||A publication of the National Law Center on Homelessness & Poverty
|Lawyers Working to End Homelessness
||Vol. 6, No. 9
||From Maria's Desk
With children returning to school, Congress
back in session, and a number of NLCHP
initiatives in the works, this coming fall
presents both challenges and opportunities.
School has started and children who are
homeless face the challenge of maintaining
their school stability and sometimes even
their access to school. Our annual guide to
homeless children's education rights provides
critical, step-by-step information on federal
legal protections and how to enforce them.
here to read Educating Homeless Children &
Youth: A Guide to Their Rights.
We're also working to strengthen these
existing protections. At the end of July,
Congress introduced the Homeless Education
Improvement Act (H.R. 3205) which would:
- Increase funding for homeless children's
- Direct more resources towards helping
them get transportation to school; and
- Improve their access to preschool.
here to help pass
this piece of legislation.
Ensuring children's education is a
major priority for NLCHP. It is
critical to their well-being and an essential
step to preventing future homelessness.
In July, a coalition of national advocacy
drafted a consensus statement outlining five
fundamentals needed to end homelessness and
created a list of ten steps that the federal
government can take right now to help end and
High on our priority list this fall is
defining the next steps in our collaborative
work to push for Congress and the federal
government to enact the Ten Steps to prevent
and end homelessness.
Reauthorization of the HUD McKinney-Vento
programs is a real possibility, and we are
working with our allies to make it happen. We
feel strongly that consensus is possible and
essential. It's time to reauthorize this
critical law - and to move on to the other
parts of our Ten Steps agenda.
here to read the Ten Steps.
Human rights strategies can help advance this
agenda, and building the movement for
the human right to housing in the U.S. is a
key NLCHP priority. This year, our annual National
Forum on the Human Right to Housing will
focus on the local campaigns currently
underway in communities across the country.
The discussion will help to define positive,
proactive advocacy agendas that will make the
human right to housing real here in the U.S.
While reframing U.S. policy to recognize - and
implement - this basic right is a long term
project, human rights strategies can make a
concrete difference right now, while also
creating the building blocks for that
Please share your ideas. Your feedback is
important to us. To endorse the Ten Steps to
end homelessness, e-mail Laurel Weir.
||New Resource and Upcoming Training for Educators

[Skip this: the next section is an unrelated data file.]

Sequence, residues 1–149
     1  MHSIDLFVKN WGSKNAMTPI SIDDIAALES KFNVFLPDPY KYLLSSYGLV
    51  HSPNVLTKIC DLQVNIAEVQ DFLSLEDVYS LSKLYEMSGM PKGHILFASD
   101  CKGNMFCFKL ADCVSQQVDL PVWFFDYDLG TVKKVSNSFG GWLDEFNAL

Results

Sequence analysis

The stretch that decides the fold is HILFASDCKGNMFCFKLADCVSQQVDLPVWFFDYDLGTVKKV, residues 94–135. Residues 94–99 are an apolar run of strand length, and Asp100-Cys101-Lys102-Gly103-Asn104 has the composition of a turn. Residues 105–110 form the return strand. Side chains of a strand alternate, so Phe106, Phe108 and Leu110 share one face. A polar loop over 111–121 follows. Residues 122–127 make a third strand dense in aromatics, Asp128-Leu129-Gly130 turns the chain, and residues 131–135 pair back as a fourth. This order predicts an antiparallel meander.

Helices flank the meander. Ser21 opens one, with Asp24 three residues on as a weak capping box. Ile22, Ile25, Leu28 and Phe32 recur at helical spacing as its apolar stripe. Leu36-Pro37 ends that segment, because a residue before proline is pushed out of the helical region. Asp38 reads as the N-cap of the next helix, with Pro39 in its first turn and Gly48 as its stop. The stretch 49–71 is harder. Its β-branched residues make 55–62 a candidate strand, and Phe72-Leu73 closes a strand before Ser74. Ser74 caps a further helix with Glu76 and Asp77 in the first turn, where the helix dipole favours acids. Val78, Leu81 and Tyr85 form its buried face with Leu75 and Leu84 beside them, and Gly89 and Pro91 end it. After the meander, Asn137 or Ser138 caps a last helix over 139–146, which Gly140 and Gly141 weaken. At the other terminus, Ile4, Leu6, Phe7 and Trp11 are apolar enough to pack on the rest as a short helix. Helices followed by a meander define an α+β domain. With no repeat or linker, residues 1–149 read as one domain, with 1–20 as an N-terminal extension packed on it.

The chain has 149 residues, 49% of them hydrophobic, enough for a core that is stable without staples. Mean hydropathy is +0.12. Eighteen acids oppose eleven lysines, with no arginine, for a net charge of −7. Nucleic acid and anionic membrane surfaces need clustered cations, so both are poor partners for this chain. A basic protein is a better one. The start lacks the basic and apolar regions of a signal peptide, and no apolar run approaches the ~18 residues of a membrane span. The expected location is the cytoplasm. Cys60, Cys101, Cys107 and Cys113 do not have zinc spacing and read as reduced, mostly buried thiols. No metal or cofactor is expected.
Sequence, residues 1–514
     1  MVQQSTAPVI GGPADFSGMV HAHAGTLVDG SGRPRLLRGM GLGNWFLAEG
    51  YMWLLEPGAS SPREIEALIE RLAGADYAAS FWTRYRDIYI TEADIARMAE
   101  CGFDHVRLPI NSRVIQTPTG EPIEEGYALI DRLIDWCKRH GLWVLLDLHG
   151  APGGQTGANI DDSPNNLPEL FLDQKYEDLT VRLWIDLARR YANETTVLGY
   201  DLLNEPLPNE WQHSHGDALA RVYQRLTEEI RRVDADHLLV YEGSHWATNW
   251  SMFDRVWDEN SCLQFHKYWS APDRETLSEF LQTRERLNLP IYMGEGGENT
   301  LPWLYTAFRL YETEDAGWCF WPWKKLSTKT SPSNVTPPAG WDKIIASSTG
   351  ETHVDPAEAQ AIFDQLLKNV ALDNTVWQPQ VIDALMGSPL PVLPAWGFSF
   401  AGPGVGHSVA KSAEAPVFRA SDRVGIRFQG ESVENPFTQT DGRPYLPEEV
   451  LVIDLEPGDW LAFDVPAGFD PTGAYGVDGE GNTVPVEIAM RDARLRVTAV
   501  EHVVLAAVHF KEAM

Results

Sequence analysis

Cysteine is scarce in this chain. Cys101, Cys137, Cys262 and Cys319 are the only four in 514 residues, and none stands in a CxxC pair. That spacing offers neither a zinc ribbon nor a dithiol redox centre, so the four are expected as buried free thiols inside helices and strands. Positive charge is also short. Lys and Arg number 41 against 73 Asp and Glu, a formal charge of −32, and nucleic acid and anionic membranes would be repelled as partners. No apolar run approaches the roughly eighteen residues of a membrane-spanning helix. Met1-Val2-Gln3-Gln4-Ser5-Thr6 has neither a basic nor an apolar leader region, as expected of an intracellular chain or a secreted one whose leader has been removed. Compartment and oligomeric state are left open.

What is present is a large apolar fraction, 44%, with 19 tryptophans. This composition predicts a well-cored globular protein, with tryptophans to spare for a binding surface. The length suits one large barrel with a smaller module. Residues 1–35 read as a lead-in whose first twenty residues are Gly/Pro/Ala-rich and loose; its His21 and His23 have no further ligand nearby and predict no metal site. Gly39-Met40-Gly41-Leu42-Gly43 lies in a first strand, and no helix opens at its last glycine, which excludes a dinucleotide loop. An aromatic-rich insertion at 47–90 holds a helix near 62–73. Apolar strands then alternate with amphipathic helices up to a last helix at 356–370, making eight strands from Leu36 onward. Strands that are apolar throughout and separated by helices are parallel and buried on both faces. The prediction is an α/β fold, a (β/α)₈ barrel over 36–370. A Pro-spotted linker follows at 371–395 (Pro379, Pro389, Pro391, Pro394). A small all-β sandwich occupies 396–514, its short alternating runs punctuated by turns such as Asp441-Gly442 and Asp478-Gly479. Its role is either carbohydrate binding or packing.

This month, NLCHP released an updated
version of Educating
Homeless Children and Youth: The Guide to
The booklet provides a general overview of
federal laws benefiting homeless students,
including the McKinney-Vento Homeless
Assistance Act, the Child Nutrition Act, and
the Family Educational Rights and Privacy
Act. Educators, service providers,
advocates, homeless families, and homeless
youth have used previous versions of the
publication as an introduction to the law.
here to read the booklet.
Copies can also be ordered via phone at
202-638-2535 or via e-mail at email@example.com.
Mark your calendars for the 19th Annual
Conference of the National Association for
the Education of Homeless Children & Youth
(NAEHCY). The event is scheduled for
November 10-13 at the Oregon Convention
Center in Portland, Oregon.
Joy Moses, NLCHP's Children and Youth Staff
Attorney, will be a featured speaker on
several panels of this nation-wide gathering
of educators, services providers, and
advocates. This year's event, "Blazing
Trails and Moving Mountains," includes a
child welfare track that will allow
participants to explore the educational
challenges faced by foster and homeless
children and how to advance solutions.
NLCHP would like to thank the Freddie Mac
Foundation, the Paige Family Foundation, and
our anonymous donor for their generous
support of the Children & Youth Program.
||Congressional Watch: Update on Homeless Children & Youth Legislation
In early September, Congress passed the
College Cost Reduction Act of 2007 (H.R.
2669), which makes federal financial aid more
accessible to homeless unaccompanied youth.
Federal law generally requires students to
complete the Federal Application for Free
Student Aid (FAFSA), which includes a section
about parental income that must be completed
and signed by a parent. For homeless
unaccompanied youth, who no longer live with
their parents, these requirements create a
barrier to receiving financial aid and
enrolling in higher education.
The College Cost Reduction Act amends the
Higher Education Act and will address this
problem by automatically allowing homeless
unaccompanied youth to apply for aid as
"independent students". As independent
students, they will not have to produce a
parental signature or information about
parental income. Instead, verification of
homeless status must be provided by a school
district homeless liaison or a shelter
The legislation will also help homeless and
low-income students by increasing the maximum
amount available through a Pell Grant - a